Increased intake of fish can boost good cholesterol levels
Increasing the intake of fatty fish increases the number of large HDL particles, according to a recent study completed at the University of Eastern Finland. People who increased their intake of fish to a minimum of 3-4 weekly meals had more large HDL particles in their blood than people who are less frequent eaters of fish. Large HDL particles are believed to protect against cardiovascular diseases. The results were published in PLOS ONE.
The consumption of fish has long been known to be beneficial for health; however, the mechanisms by which fats and other useful nutrients found in fish work in the human body are not fully known. This new study carried out at the UEF provides new information on how the consumption of fish affects the size and lipid concentrations of lipoproteins which transport lipids in the blood. The study participants increased their intake of fatty fish in particular.
It was observed that a higher intake of fish increased the number of large HDL particles and lipids contained in them. Population-based studies have shown that HDL cholesterol - also known as good cholesterol - and large HDL particles are efficient in sweeping extra cholesterol off artery walls. Large HDL particles have been associated with reduced risk of cardiovascular diseases, whereas small HDL particles may even have opposite effects.
Positive changes in lipid metabolism were observed in persons who increased their intake of fish most, i.e. in persons who ate at least 3-4 fish meals per week. The study participants ate fatty fish such as salmon, rainbow trout, herring and vendace. No added butter or cream was used in the preparation of fish. The study doesn't give answers to whether a similar effect would have been observed had the study participants mainly eaten low-fat fish such as zander and perch. Low-fat fish may have other health benefits such as lowering of blood pressure, which was observed in an earlier study carried out at the UEF.
State-of-the-art metabolomics was used in the study, enabling for instance a very detailed analysis of lipoprotein particles. The analyses were carried out by the university's NMR Metabolomics Laboratory. Traditionally, cholesterol is divided into "bad" LDL cholesterol and "good" HDL cholesterol, but this method allows the investigation of a total of 14 different particle classes. "People shouldn't fool themselves into thinking that if their standard lipid levels are OK, there's no need to think about the diet, as things are a lot more complicated than that. Soft vegetable fats and fish are something to prefer in any case," Postdoctoral Researcher Maria Lankinen says.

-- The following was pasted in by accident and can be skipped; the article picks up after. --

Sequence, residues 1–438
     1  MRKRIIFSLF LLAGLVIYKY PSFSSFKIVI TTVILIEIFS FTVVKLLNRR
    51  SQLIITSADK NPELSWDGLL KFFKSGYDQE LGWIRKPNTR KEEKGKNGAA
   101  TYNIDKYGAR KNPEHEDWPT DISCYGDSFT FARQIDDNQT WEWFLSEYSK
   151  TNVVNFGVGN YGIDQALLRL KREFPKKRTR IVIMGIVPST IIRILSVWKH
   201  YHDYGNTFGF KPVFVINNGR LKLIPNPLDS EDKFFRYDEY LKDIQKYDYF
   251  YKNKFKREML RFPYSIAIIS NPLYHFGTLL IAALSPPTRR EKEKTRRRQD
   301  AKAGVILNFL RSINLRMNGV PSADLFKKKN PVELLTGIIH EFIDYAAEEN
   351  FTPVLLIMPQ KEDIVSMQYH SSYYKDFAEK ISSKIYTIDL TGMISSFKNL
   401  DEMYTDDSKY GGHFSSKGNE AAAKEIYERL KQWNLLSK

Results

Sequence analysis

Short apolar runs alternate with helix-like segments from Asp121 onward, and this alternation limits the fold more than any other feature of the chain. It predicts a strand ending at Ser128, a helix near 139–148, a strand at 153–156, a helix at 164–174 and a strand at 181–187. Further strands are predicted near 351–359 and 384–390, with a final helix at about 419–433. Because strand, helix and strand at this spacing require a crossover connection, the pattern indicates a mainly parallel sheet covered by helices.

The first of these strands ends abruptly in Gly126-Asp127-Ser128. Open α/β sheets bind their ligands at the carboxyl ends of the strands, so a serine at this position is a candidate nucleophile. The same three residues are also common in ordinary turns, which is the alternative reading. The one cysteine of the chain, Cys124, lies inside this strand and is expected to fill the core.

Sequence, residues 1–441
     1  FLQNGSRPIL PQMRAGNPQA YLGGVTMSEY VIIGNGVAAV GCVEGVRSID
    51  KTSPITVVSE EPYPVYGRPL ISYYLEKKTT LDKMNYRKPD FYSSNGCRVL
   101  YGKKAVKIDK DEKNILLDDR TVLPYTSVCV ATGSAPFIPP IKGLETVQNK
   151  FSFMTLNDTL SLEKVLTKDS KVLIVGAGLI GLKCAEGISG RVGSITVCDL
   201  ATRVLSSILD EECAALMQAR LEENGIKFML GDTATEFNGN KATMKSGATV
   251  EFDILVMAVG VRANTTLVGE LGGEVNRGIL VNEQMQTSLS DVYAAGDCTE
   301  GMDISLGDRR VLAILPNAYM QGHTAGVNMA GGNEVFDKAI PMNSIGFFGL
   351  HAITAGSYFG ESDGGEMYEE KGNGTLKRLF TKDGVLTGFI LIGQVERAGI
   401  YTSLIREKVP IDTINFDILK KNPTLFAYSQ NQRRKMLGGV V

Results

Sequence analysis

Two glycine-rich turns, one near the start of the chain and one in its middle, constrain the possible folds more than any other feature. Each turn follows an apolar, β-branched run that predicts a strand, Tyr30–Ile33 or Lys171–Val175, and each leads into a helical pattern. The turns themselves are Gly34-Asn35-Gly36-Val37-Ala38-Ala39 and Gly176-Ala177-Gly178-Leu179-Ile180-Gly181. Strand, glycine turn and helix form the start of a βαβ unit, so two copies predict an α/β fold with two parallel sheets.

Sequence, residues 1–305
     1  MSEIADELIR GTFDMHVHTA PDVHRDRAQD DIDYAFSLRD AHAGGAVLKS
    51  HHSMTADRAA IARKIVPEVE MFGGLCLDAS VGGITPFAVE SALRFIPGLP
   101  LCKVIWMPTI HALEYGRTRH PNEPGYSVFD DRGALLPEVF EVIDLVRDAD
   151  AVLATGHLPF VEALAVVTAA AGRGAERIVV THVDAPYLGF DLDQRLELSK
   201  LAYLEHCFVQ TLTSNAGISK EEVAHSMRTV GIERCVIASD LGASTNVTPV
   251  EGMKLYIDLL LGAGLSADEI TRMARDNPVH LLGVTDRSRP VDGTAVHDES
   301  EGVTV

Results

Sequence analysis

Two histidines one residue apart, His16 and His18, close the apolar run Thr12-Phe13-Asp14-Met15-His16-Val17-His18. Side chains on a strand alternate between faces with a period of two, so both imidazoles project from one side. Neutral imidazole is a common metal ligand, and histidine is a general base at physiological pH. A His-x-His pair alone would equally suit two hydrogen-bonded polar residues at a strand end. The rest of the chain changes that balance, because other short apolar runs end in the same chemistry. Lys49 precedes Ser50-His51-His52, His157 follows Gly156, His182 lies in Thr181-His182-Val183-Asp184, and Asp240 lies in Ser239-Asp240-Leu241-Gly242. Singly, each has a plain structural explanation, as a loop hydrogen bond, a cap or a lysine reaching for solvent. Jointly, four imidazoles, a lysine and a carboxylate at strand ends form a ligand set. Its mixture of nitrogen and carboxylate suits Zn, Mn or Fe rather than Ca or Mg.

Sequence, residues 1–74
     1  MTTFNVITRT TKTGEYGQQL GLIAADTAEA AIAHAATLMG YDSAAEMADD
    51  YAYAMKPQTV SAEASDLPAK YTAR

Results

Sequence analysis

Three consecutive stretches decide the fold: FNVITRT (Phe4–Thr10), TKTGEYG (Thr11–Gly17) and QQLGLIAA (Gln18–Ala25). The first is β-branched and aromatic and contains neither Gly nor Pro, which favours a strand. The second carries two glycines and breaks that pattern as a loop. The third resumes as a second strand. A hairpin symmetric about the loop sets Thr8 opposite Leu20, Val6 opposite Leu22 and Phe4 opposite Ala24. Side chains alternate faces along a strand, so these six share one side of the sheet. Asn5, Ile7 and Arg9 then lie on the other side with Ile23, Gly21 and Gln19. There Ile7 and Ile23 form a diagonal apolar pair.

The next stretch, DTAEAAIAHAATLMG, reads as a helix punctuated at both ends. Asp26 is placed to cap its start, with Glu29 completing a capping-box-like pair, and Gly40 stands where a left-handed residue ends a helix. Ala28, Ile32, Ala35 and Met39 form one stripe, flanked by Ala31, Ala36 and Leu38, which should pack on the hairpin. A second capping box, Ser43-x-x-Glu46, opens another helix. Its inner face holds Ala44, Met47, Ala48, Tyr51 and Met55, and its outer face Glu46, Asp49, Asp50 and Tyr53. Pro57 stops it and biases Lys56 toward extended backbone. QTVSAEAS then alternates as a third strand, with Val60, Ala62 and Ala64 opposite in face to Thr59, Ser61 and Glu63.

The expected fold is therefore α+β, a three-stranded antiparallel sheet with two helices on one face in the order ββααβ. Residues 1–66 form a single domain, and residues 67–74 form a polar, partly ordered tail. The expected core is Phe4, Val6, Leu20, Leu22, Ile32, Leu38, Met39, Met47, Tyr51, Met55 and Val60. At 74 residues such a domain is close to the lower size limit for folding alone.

However, the researchers emphasise that a dietary approach to the treatment of increased overall and LDL cholesterol levels is important.
The findings are well in line with the Finnish nutrition recommendations encouraging people to reduce the consumption of red meat and to increase the consumption of fish and other sea foods. Further information on the health effects of fish will become available in the near future as results from the Alfakala project carried out at the UEF Institute of Public Health and Clinical Nutrition become available. The study takes a more detailed approach into the health effects of fish- and plant-derived omega-3 fatty acids, and it studies the health effects of fatty and low-fat fish.